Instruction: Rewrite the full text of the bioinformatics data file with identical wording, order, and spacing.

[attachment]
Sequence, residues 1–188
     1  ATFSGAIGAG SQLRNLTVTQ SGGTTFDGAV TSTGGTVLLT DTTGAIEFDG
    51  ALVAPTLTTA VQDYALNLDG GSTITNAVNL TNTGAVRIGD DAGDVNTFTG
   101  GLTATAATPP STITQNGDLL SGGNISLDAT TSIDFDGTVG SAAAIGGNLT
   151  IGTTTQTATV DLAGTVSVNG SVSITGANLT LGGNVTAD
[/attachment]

Sequence, residues 1–188
     1  ATFSGAIGAG SQLRNLTVTQ SGGTTFDGAV TSTGGTVLLT DTTGAIEFDG
    51  ALVAPTLTTA VQDYALNLDG GSTITNAVNL TNTGAVRIGD DAGDVNTFTG
   101  GLTATAATPP STITQNGDLL SGGNISLDAT TSIDFDGTVG SAAAIGGNLT
   151  IGTTTQTATV DLAGTVSVNG SVSITGANLT LGGNVTAD